Kecak in Pop Culture

We’re getting ready to perform a kecak “piece” complete with a costumed cast of characters from the Ramayana along with the monkey army. Kecak is an odd animal.  Created in the 20th century with the help of a gay German painter living in Indonesia (Walter Spies), Kecak is a vocal gamelan that mimics the colotomic structure of a typical instrumental gamelan. Basically, it was used to enhance tourism, however it does have roots in an exorcist ritual.

Here’s a tourist-laden clip complete with a background of instrumental gamelan while depicting a “typical” Balinese culture show (i.e. what you’d see as a visitor in Bali):

In an article published in 2009, M. Bakan coins the phrase “schizophonic transmogrification” in relation to Balinese Kecak. In essence, this is a process wherein a ritual is recreated or reinvented in a completely different context than the original, and most importantly, that the event is used “to evoke the strange, and often the grotesque and sinister as well.” (Bakan 85)  He discusses the use of Kecak in two films: Fellini’s Satyricon and Blood Simple.

Here are two clips of kecak in these films. Notably, Satyricon is set in ancient Rome.

In the trailer for Blood Simple, we see kecak used in a violent scene where a woman is struggling for her life:

These are exactly what Bakan refers to with his coining of the term schizophonic transmogrification in reference to Balinese kecak.  Besides the two movies above, we can also see kecak in a scene from Baraka that doesn’t fall into the above category (the scene in fact takes place outside of a temple in Bali):

Aside from films, kecak can be seen in other forms of pop culture such as popular music and  video games. Listen to the video game intro below from the early 90’s. Even in the description of the clip, they call it “terrifying”:

Finally, in the cartoon below, kecak is used in the soundtrack at the beginning of the closing credits:

As stated, kecak is an interesting animal. Although it’s not an ancient ritual, it’s become woven into the fabric of Balinese culture over time.  Someone mentioned to me the other day that it seems as though only men perform kecak, and it does seem that way. Rare female gamelans have started to emerge in the past twenty years or so in Bali, so I wonder if we’ll see this same adjustment with kecak. Notably however, perhaps it simply has to do with the “ripe” timbre of the male voice for this type of “performance”.

I just wanted to highlight a few examples of how it has infiltrated Western popular culture. After our show in March, I’ll post a clip…

Africa, Indonesia, India…New Orleans

When I jump on a new instrument for the first time, it feels how you’d expect: alien, not quite comfortable – maybe like I’d imagine a hip or knee replacement would feel at first. It’s my third week in African ensemble after a several year hiatus of playing (and building) African drums, and I’ve settled on the dunun as my axe for the semester – specifically, the samba. My spirit loves playing it. This past Monday, a “click” happened somewhere in the land of ambidexterity (left hand on bell, right hand on the head) and instead of following the instrument, I was leading it – (yes, I mean in a spiritual-hippie-granola-crunchy- kind of way). It felt natural and no longer alien – more of an extension of any inherent rhythm I might possess (I know it’s in there somewhere!). I felt its dance.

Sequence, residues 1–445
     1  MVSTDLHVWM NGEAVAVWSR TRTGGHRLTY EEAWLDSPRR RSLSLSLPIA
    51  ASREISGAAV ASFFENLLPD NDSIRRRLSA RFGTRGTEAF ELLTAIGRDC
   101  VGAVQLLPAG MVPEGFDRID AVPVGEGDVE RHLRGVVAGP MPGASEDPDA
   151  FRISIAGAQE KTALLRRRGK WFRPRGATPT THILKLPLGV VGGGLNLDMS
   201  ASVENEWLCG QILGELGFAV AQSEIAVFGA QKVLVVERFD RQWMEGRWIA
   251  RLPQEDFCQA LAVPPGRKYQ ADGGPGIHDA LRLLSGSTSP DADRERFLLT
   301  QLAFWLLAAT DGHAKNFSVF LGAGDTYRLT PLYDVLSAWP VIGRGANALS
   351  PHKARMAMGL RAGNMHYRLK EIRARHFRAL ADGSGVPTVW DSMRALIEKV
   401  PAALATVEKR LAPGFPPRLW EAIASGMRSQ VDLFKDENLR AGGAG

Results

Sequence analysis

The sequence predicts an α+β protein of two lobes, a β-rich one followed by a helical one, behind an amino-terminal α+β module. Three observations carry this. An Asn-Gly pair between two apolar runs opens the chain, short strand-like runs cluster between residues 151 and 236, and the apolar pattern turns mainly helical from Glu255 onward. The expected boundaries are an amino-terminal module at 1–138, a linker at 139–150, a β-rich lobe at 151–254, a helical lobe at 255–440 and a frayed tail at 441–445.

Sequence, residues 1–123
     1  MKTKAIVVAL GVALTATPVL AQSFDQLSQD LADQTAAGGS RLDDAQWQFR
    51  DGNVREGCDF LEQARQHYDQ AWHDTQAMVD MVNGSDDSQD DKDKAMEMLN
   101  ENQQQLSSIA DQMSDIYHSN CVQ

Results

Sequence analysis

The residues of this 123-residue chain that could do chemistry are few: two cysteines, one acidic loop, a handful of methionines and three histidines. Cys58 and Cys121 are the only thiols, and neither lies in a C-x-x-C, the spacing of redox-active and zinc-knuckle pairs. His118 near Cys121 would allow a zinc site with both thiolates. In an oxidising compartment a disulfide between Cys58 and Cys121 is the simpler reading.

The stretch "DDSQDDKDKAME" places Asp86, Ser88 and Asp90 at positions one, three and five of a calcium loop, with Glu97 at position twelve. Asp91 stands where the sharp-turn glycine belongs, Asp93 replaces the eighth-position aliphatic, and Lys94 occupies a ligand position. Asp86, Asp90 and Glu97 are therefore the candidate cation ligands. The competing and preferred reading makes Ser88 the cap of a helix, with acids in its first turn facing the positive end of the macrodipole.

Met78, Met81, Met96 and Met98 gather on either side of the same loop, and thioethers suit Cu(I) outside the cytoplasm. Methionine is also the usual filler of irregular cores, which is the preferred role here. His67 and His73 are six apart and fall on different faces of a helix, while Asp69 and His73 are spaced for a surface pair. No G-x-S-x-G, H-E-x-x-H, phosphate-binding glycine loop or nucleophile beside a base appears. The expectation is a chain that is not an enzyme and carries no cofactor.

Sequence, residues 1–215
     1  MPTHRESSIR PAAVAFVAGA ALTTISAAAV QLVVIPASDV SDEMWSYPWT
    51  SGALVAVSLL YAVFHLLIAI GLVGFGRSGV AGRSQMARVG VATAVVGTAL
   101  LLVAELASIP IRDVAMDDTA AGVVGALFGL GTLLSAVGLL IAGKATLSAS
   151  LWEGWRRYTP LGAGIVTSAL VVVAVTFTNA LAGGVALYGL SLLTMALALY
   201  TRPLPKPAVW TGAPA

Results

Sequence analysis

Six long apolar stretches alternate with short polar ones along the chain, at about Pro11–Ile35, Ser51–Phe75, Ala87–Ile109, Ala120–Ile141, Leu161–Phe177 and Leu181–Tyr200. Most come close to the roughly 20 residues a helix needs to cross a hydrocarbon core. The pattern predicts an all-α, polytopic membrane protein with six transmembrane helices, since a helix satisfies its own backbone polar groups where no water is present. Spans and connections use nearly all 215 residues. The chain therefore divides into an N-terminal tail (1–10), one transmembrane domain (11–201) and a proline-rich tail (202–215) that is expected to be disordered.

Along those same lines, in gamelan, we’re performing Baris – I chose an instrument that acts as an intermediary between the colotomic structure and the interlocking parts that exist at the highest densities. I wanted something technically “simple” this time so that I could actively listen to other parts and put it all together like a puzzle – you know, like you’re supposed to. I’ve been playing the gangsa polos part on other pieces which is too fast for me to think realistically about the multiple stratifications happening around me. Yesterday’s rehearsal (and my repetative 4-note cycle) became a meditative exercise for an hour or so – I found myself, after having the part on auto-pilot, paying close attention to the height of my hammer, my grip, the exact placement of the hammer strike on each slabbed key, the space my arm occupied in the air after each strike and whether I was in rhythm with the air itself, and how my body alignment felt in relation to the instrument – as if it were my spine.

In short, it was lovely. Afterwards, we switched to Puspanjali and I tested my spatial knowledge of the gangsa by trying to play sections with my eyes closed or glued to my professor’s hands on the kendang (drum). I had no trouble at all with the phrases that moved step-wise. Once it skipped two or more keys, I found myself striking the air between the slabs – it’s probably best for the ensemble’s sake that I stop intentionally trying to screw myself up. I do enough of that with my eyes open.

(Skyping w/ Viji)

Regarding India, I’m at a standstill in my sitar purchase, or potential purchase. It scares me too much to spend $900+ on an instrument I’ve never touched without having its quality backed by a friend and not a salesman. Speaking of India, an hour ago I sat in a world music room with my “Music of India” class as we skyped with a Karnatik vocalist in Chennai – she taught us a song text and its corresponding tala, a few easier ragas, and workshopped ornamentation. I love technology.

In four hours or so I’m driving to New Orleans for the first time since I started this program and I’ll be there all weekend. I’m looking forward to seeing friends, eating, seeing some of my old students, and doing a bit of fieldwork. Saturday night I’m heading to see Sissy Bounce artist Big Freedia. I can’t wait to get home – some ethnographic notes to come! 🙂